Neither really knows what became of the other until Allie sees a picture of Noah in a local newspaper just three weeks before her wedding. Seeing him again, stirs memories and emotions, and even though she doesn't really know why at the time, she is compelled to go see him in person one last time before getting married. She tells her family and fiancé that she needs to get away from the stress of wedding planning and heads for New Bern alone. Noah can hardly believe his eyes when the woman of his dreams pulls up in front of his house one day out of the blue. The longing and desire between Noah and Allie is extremely moving and palpable and hasn't dimmed one bit in fourteen long years. I love how they slip right back into a comfortable relationship as though they've never been apart. It's obvious that they're soul mates and perfect for each other, and in their heart of hearts, they know it too. After only one evening with Noah, Allie knows that what they share is something she's never had with her fiancé and never will.
At the point when Allie must make her fateful decision about which man she is going to choose, the story cuts back to the elderly man and his wife who we discover has Alzheimer's. This part of the book is so powerful and affecting, I read parts of it through a blur of tears. The lengths to which this man goes to help his wife remember the love they share is moving beyond words, an expression of a true and pure love. The way he romances her and gets her to fall in love with him over and over again and persists in doing it day after day, never giving up even when it doesn't always turn out the way he hopes is potent stuff, so much so that I'm sitting here crying my eyes out while writing this. It's the kind of love I think we all hope for, but so few seem to actually achieve.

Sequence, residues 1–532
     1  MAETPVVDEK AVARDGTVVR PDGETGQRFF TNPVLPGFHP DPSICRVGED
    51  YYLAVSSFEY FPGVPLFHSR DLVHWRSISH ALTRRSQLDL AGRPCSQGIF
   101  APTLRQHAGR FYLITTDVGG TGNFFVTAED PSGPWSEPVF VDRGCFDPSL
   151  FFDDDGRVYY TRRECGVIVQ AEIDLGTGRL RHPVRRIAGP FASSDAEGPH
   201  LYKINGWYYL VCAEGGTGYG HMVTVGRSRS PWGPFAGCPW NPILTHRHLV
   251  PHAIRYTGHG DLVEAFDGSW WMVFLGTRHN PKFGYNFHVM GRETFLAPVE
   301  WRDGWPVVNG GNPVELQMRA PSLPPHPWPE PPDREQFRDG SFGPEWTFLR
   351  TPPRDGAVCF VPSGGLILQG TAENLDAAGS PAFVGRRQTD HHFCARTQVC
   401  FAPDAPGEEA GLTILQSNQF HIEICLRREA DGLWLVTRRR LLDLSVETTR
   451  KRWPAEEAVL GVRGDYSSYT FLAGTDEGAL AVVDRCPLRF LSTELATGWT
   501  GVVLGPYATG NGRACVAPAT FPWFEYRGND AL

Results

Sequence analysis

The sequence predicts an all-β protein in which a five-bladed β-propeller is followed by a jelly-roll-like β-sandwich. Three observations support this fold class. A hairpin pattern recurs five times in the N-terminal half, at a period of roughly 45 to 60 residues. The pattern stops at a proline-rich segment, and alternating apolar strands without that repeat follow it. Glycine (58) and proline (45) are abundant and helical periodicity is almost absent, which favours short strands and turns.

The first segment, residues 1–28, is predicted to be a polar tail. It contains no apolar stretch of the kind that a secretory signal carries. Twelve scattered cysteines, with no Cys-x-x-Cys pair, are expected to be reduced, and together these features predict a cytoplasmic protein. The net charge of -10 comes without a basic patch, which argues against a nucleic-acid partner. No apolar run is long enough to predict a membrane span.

Many readers seem to categorize The Notebook as romance, but I don't see it as such. For me, romance as a genre, usually only follows the couple through the falling in love stages of the relationship with the happily ever after implied. It taps into the fantasy of what we want love to be, while The Notebook takes that one step further. Not only do we get to see the beginnings of a relationship, we also get to see one very advanced in years, but no less passionate for the passage of time. It also takes a more realistic look at what it truly means to love someone. It's not just the gooey feeling we get when first falling in love or the sexual desire that soon follows. It's something that can last a lifetime when nurtured and a couple is fully committed to one another. Make no mistake, The Notebook is very romantic, but to me it is not merely a romance, but a love story.